The South African Government Seeks To Enforce New BBE Rules At Banks And Funds. Deputy Finance minister David Masondo says that the South Africa’s financial and asset management sector will see a transformation push through the introduction of the draft Conduct of Financial Institutions Bill. “From the side of the state, what motivates us, what informs what we’re doing is a constitutional imperative for transformation. The equality clause in the constitution requires the state to undertake measures to transform South Africa in all facets of our society. We are also motivated by inclusive growth.” said Masondo in a Business Day webinar.
In earlier phases, BEE was generally focused on the procurement relationship between the state and providers of products of services to it, said Piet le Roux, Sakeliga chief executive. “Lately, in codes such as the legal sector code, BEE regulation jettisons the requirement of the state as a transacting party. The new approach is to regulate for BEE requirements regardless of state involvement, which poses serious implications for freedom to trade and freedom to procure professional services,” Le Roux said.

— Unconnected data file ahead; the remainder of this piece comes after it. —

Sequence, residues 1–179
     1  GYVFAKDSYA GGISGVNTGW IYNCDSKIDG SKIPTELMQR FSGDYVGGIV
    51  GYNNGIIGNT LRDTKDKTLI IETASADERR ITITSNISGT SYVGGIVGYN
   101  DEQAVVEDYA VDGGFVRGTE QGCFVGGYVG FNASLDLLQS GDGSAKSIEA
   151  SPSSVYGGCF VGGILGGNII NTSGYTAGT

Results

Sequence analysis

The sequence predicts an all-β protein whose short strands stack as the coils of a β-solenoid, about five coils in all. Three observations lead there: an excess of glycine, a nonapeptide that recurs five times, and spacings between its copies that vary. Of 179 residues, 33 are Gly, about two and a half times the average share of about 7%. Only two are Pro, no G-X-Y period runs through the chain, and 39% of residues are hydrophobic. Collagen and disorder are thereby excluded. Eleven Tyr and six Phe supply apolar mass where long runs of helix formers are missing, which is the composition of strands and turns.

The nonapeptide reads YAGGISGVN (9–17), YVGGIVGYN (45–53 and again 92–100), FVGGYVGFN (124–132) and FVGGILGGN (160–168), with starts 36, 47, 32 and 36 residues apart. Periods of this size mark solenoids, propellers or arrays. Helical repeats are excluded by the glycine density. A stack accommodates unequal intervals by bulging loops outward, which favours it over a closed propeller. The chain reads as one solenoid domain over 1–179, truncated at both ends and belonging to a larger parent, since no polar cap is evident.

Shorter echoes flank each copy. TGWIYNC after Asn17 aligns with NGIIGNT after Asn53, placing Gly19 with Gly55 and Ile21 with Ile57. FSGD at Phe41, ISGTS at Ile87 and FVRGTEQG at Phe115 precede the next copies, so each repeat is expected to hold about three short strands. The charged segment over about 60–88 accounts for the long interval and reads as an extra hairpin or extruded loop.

According to Business Tech, the shift in thinking around BEE is being driven by the Employment Equity Amendment Bill, which aims to accelerate the rate of transformation in South Africa. The bill, which is currently before parliament, will empower the minister of Labour to regulate the setting of sector-specific employment equity targets across most of South Africa’s major industries. Under the proposed legislation, the minister will first publish a notice in the gazette identifying national economic sectors which will be impacted.
Masondo said it will also be a requirement for financial institutions, such as banks, to have transformation plans that demonstrate their compliance with existing Black Economic Empowerment (BEE) legislation. The Financial Sector Conduct Authority (FSCA) will be given authority to enforce compliance. The FSCA will be empowered to enforce and regulate: Transformation; Operations; Culture; Product Design; Selling; Marketing and Internal Procedures. The FSCA has regulatory power over any financial institutions that are licensed in terms of a financial sector law, including banks, insurers, retirement funds and administrators, and market infrastructures.